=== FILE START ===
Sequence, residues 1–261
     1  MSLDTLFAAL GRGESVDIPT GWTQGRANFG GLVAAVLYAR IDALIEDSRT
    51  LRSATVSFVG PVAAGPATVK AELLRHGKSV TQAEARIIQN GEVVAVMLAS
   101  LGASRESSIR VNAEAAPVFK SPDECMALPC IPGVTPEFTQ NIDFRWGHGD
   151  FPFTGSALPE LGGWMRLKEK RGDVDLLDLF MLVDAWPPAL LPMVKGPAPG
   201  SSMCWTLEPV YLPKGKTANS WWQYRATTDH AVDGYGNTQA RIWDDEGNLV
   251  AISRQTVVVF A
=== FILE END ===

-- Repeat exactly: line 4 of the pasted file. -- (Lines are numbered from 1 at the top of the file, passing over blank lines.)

   101  LGASRESSIR VNAEAAPVFK SPDECMALPC IPGVTPEFTQ NIDFRWGHGD